“Dear, I’m going to the village in the morning.” My mother told my startled father. She then pulled the cover cloth over her head and concluded, “Something is wrong in the village.”
“Don’t bother yourself, eh. Now you will make Kunle turn his attention back to the city. Grandma would think we are trying to stylishly take our son back to be with us. And you know, I hate petty talks.”
I crouched on my mat. It was made from a hand-woven raft. They said the local mat feels better than the synthetic ones in the city. I whispered some prayers in my heart before I slept. “God, please, let mummy come. I need some tablets. I want to go home. I’m dying from these local medications.”
As soon as I heard my mother’s voice in the backyard the following day, life surged inside my spirit. I felt newness in my bones. Even my finger felt less hurtful.
My mother watched my poor body on the mat with empathy. She squatted beside me and felt my skin. “You have fever,” she said.
She pulled my lower eyelids to check if I have enough blood left in my body. She tried to touch my bad finger.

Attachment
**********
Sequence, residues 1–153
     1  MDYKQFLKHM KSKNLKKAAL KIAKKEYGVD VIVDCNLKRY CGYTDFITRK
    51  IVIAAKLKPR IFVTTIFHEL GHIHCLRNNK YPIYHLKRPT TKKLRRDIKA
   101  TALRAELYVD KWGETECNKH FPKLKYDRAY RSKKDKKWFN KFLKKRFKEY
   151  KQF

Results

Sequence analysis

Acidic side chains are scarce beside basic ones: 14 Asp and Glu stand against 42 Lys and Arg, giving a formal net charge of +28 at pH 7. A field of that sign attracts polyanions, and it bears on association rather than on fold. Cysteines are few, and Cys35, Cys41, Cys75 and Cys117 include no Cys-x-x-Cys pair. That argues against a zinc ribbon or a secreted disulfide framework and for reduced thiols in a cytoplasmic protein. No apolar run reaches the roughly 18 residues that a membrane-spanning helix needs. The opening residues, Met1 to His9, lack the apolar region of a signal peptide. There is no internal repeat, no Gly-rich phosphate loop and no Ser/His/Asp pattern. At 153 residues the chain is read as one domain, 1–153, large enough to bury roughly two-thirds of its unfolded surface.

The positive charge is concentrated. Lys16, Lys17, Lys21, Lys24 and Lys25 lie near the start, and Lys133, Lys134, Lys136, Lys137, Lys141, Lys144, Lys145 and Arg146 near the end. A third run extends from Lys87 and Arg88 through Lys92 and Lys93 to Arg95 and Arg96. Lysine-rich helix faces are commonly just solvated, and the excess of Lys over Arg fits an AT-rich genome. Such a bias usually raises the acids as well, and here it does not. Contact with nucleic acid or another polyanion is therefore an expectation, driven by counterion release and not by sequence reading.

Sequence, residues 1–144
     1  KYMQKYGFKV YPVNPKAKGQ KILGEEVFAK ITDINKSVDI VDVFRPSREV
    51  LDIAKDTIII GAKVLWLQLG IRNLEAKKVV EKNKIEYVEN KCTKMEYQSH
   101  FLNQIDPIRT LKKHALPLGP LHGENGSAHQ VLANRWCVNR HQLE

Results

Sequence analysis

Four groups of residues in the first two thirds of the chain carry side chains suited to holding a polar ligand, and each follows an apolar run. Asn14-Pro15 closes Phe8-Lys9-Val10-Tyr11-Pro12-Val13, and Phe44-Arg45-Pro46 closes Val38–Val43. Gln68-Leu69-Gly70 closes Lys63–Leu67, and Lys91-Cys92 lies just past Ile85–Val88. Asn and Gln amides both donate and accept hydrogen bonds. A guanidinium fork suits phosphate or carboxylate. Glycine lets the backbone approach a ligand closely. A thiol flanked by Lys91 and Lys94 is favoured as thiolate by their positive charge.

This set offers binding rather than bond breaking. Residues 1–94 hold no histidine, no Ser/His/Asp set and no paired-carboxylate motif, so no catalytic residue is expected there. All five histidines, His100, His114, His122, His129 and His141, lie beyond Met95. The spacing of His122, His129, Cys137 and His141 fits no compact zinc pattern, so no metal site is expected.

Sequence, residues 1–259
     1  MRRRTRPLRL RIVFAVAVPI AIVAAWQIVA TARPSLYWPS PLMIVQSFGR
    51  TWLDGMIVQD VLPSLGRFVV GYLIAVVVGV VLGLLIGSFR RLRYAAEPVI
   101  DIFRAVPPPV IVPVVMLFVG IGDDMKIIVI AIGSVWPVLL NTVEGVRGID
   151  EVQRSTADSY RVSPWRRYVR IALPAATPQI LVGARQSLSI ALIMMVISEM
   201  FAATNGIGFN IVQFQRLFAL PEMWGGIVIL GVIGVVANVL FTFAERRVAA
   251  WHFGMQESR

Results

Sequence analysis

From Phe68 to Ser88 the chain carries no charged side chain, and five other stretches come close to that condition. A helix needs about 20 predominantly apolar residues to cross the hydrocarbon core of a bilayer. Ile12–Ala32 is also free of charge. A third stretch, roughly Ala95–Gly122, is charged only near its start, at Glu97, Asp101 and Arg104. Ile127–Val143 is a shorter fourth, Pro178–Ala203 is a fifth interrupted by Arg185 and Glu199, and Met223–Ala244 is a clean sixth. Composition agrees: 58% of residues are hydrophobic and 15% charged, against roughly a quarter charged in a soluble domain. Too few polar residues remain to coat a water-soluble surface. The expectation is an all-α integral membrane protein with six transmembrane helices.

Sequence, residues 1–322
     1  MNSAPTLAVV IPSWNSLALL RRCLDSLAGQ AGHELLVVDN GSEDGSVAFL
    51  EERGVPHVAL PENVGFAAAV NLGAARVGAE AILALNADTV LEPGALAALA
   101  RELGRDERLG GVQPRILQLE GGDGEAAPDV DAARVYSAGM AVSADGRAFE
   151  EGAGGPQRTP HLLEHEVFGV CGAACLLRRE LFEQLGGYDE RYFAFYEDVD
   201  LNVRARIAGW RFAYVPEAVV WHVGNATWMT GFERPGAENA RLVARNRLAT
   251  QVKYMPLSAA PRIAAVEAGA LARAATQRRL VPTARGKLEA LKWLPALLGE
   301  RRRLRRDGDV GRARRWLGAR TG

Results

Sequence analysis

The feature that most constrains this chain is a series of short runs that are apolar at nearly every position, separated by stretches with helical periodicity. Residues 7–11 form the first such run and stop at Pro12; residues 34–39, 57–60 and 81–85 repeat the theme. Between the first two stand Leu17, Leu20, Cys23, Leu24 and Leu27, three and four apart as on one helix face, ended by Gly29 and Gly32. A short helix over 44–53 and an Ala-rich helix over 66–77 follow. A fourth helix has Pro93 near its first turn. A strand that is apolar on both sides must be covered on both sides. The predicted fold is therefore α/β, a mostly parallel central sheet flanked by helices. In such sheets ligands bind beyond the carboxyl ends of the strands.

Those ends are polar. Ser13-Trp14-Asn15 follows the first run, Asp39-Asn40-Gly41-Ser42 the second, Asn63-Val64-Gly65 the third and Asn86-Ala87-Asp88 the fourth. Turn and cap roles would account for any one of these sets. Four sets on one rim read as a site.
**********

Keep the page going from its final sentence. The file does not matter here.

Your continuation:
“Yee! Yee!” I cried out and forbade her.
“My dear, you’re going home tomorrow. You need to see a doctor.”
I raised my back against the wall with my elbows. She supported me to adjust well. Our eyes met and I pursed my lips to ask: “How did you know that I’m sick, mother?”
She looked at me closely, cupped my head inside her arms and said between tears, “I know. I just know. Each time I heard you inside my ears, my breasts hurt me.”
About the Author
Adesina Ajala has works in Libretto, Eboquills, Arts-Muse Fair, Parousia and elsewhere. He was second-runner up Shuzia Creative Writing Contest (3rd Edition) and winner of both Freedom Voices Poetry Writing Prize (2019) and Splendour of Dawn Poetry Foundation (January 2020). Adesina shares his time between creative writing and medical practice.